A teacher must keep a mirror for the personal development of children


In the development of children, the ideal role of teachers should be that of promoters and motivators of good values ​​and qualities.

By: Priyanka Saurabh
There is a gradual development of knowledge, ideas and values ​​in the life of man from birth, which makes him a human being by separating him from other animals. After the family, teachers play the biggest role in this development. However, in Indian society, teachers are held in very high esteem because since ancient times they have been a major source of morality and importance of education in society. The teachers used their knowledge to act as a philosopher-guide-friend to all of society, many of them working against social evils. Even in the contemporary world, apart from academic genius, they represent ethics, and in our very rural and illiterate society, people see teachers as the future builders of their children. In the development of children, the ideal role of teachers should be that of promoters and motivators of good values ​​and qualities. So, instead of spoon-feeding knowledge directly to students, they should strive to develop a sense of inquiry and rationality in children, so that they feel empowered to learn on their own, with passion. Also, teachers should try to inculcate good moral values ​​such as sincerity, honesty, discipline, humility, religious tolerance, gender equality, etc. to children so that the foundations of good human beings can be laid.
In today’s world facing a deep crisis of values, our teachers have a huge role to play if we are to grow and prosper. The value of the teacher is clearly defined by the beautiful shlokas of ancient India – Guru Brahma, Guru Vishnu, Guru Devo Maheshwara, Guru Sakshat Param Brahma, Tasmai Sri Guruve Namah. Which means “Guru is the creator (Brahma), Guru is the protector (Vishnu), Gurudev is the destroyer (Maheshwar). Guru himself is the perfect God (singular), salutations to this Sri Guru. The teacher is not the one who only teaches for the money, the passion for teaching goes far. It is the bitter truth of our society that some teachers do not have the passion and knowledge to teach, there are many examples like what happens in schools in Bihar, if the teacher does not have the quality of teaching, what should we do for the students? As you would expect, the education system needs a change, the NCERT model is outdated and has not been revised since 2015. There should be literate teachers but there should also be trained teachers.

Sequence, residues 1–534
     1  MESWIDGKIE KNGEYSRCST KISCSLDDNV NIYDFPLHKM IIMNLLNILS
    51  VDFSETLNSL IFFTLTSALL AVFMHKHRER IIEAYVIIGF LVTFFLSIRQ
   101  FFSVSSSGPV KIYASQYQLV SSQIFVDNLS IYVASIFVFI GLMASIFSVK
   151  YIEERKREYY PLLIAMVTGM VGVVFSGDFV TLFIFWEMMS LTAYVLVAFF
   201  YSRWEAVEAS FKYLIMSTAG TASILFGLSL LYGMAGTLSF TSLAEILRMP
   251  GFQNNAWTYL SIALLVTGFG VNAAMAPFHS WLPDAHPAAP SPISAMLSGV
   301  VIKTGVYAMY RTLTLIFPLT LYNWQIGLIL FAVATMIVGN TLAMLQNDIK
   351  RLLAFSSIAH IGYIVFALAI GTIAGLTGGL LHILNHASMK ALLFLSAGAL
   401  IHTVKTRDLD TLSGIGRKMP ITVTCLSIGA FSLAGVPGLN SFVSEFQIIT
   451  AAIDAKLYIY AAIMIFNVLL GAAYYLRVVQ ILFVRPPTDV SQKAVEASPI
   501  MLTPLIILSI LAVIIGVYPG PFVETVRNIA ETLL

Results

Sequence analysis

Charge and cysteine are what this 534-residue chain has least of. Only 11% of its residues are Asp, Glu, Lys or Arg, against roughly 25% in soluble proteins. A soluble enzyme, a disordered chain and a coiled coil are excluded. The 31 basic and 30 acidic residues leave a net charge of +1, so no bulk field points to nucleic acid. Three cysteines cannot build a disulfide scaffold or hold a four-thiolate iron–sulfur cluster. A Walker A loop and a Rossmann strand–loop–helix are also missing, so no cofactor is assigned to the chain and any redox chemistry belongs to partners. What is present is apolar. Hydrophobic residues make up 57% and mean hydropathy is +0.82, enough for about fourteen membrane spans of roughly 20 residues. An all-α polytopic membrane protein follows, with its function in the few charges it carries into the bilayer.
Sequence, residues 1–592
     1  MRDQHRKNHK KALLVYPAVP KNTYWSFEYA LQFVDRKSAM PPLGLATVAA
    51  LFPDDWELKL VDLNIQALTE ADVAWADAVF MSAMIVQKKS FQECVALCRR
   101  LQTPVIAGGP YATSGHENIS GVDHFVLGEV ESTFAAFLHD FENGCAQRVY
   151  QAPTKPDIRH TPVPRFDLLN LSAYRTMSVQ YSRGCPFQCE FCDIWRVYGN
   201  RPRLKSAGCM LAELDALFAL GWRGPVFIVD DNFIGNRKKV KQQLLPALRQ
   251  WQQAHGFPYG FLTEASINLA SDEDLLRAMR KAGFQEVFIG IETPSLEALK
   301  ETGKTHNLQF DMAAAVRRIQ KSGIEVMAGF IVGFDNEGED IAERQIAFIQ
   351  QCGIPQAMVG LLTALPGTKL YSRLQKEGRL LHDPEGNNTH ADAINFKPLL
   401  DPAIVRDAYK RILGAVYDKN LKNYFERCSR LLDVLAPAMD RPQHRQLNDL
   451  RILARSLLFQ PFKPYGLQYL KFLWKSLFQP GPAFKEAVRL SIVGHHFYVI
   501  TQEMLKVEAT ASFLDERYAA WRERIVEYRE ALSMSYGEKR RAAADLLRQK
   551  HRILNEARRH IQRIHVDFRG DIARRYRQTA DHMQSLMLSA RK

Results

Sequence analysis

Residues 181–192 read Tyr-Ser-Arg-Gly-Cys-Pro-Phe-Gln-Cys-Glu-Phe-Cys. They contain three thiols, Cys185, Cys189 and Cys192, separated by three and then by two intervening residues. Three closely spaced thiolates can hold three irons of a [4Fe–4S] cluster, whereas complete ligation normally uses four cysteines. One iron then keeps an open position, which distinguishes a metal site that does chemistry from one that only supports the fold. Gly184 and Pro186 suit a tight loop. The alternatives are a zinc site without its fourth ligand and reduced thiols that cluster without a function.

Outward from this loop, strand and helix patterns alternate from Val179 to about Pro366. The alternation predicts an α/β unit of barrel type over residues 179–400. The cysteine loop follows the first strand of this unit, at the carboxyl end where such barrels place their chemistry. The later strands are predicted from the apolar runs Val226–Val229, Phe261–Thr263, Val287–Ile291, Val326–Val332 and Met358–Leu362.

The first teacher of any child is the mother, through whom the child learns the fundamentals that have a fundamental impact on his personality. A teacher has the power to bring revolution to his students by nurturing knowledge. Thus, the teacher plays the most important role in the life of the students, he guides the students by motivating them and also understands their needs and problems of the students and solves them by providing them with the best solutions. The friendly nature of the teacher is commendable. So, a teacher possesses all those qualities by which he can change the destiny of any student by providing and motivating him with the best. In Indian society, the place of the guru occupied a high position. In the scriptures, the guru is often equated with God. Even socio-religious reformers have commented on the quintessence of gurus in their lives. A guru is seen not only as a guide, teacher, friend, and seeker of truth, but also as someone who enables everyone to realize their potential and their place in the universe.